All Amusement Parks: "F*ck This"
A massive consortium that consists of every single amusement park in North America has banded together to issue a brief statement to the coaster enthusiast community.
The statement reads, in full, "F*ck This."
Edwin Lee, an spokesman for the park group, elaborated on why those he had represented had taken the drastic step of making this pronouncement:
"We've really tried our best to embrace the enthusiast community," said the rep. "Our member parks have thrown enthusiast events, provided gravy and ham, and tolerated slightly crazed-looking people stalking park managers and demanding that they account for trim brakes and track shuffle. But lately, we've all just gotten tired of dealing with them."
"Many of our parks have gotten exasperated when they create a new ride and then enthusiasts immediately tear it a new asshole before they even ride it," said Lee. "One example is a B&M Hyper opening at Six Flags Over Georgia. Considering that these seemed to be coveted by enthusiasts, we were surprised when people complained that it looks bad, that nothing the park does makes any sense, and just generally whined a lot.
"Then when Six Flags Great Adventure announced Toro, enthusiasts set a new land speed record bitching about it. That was weird, since enthusiasts have generally been spending the last several years salivating all over their yellow-stained t-shirts at the very thought of ever getting to try out an Intamin woodie like they've had in Europe."
Quoting a poster who said "So it's a really tall coaster with not enough track for it's height...[t]ypical TPM," Lee added, "Oh really? Well, the park has decided not to build the thing after all, since you think it's going to suck so much. Does that make you happy? Jesus, for some reason we thought you people wanted us to build you fun new coasters or something. Our bad. Won't happen again. All parks in North America will refrain from building any more new coasters in the future, and construction will be halted on those currently planned for next season."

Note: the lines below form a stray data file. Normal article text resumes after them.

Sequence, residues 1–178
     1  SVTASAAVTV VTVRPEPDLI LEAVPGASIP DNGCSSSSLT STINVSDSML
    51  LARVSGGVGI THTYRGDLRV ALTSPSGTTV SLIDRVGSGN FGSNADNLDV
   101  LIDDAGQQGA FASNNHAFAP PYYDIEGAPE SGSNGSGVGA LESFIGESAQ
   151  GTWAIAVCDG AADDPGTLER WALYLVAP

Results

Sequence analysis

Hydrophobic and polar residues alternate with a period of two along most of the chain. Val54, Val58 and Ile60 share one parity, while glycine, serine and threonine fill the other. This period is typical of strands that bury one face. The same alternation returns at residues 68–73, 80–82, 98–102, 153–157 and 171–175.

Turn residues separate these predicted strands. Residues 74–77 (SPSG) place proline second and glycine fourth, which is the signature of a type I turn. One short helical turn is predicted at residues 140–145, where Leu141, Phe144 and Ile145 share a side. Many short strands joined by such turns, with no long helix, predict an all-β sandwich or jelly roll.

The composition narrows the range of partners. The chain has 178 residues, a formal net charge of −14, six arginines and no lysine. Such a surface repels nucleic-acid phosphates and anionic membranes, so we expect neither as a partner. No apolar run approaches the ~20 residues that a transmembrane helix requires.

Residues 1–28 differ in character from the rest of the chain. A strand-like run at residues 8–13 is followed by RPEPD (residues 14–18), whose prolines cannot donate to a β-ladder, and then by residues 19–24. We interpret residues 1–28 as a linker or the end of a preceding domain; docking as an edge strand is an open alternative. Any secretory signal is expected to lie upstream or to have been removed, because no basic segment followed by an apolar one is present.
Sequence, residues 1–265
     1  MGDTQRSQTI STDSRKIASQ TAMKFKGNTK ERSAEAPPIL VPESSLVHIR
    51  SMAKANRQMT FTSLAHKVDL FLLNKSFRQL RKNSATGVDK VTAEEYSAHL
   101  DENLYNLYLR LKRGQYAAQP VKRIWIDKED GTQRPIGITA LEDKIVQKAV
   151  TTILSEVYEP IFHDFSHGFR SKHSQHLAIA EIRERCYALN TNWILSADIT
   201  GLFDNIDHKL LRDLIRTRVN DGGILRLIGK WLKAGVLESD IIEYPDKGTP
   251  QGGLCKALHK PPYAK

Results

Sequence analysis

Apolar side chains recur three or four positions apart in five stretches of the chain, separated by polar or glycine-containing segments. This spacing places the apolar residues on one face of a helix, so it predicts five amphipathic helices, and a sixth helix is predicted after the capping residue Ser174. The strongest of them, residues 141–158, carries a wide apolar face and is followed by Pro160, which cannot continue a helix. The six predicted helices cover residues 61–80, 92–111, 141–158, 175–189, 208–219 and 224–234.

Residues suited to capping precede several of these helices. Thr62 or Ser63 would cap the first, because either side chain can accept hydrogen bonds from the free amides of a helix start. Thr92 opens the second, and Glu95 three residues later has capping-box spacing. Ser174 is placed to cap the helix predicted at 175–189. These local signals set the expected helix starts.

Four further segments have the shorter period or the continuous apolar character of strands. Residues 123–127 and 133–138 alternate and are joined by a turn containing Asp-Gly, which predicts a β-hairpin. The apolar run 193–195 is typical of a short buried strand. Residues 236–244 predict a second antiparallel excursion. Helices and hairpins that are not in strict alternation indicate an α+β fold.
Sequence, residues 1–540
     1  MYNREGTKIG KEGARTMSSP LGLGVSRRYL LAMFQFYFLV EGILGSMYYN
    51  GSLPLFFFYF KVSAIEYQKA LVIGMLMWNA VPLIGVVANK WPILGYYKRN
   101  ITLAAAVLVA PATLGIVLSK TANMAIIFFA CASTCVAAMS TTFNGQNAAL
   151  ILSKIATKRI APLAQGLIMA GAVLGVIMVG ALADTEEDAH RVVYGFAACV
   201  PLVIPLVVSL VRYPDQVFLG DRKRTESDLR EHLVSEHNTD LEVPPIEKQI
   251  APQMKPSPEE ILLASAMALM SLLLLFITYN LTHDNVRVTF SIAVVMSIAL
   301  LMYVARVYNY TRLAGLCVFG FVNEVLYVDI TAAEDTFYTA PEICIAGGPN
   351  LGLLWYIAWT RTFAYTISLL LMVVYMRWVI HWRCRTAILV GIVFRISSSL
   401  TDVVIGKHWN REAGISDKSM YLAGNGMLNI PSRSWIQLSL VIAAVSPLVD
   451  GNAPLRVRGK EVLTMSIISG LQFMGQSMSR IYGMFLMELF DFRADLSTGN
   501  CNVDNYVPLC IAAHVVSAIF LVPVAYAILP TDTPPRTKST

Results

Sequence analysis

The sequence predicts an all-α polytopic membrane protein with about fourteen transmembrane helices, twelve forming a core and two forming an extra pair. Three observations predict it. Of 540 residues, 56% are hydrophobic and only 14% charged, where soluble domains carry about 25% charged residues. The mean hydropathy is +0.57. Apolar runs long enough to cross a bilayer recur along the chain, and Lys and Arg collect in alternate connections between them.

"It's gotten to the point where parks are afraid to even name their rides," noted Lee. If you announce that you're opening a huge new coaster named Robin The Fondling, it's just going to lead to an online reprimand by an ACE member when someone commits the heinous crime of referring to it as Robin: The Fondling or Robin, The Fondling or Robin - The Fondling. From now on, all parks will just call every single ride 'A Roller Coaster.' It might get confusing when there are ten at one park, but at least enthusiasts will be happy that they don't need to correct semantics."
"Then there's the behavior of individual enthusiasts," Lee said. "It's not enough that these poor parks have to submit to the will of Mantis Man, pay for expensive sauce-cleaning procedures, have someone yell "NOT A WORLD CLASS COASTER!" during an event, and view enthusiast slap fights, is it? No, it's gotten to the point where a Coasterbuzz member will claim he was made physically 'ill' and proudly state that he did not thank park workers after a Valleyfair event this summer because he did not receive brake-free ERT rides, despite freely acknowledging that no promise or even the slightest mention of such brake-free ERT rides was ever made by the park. No more perks, sorry, can't deal with it anymore."
"And don't even get me started on those Absolutely Reliable bastards!" he concluded, wiping away a tear and gently holding himself, even though no one had brought the website up.
"We just wish you enthusiasts would leave us alone!" he wailed, immediately before running out of the room.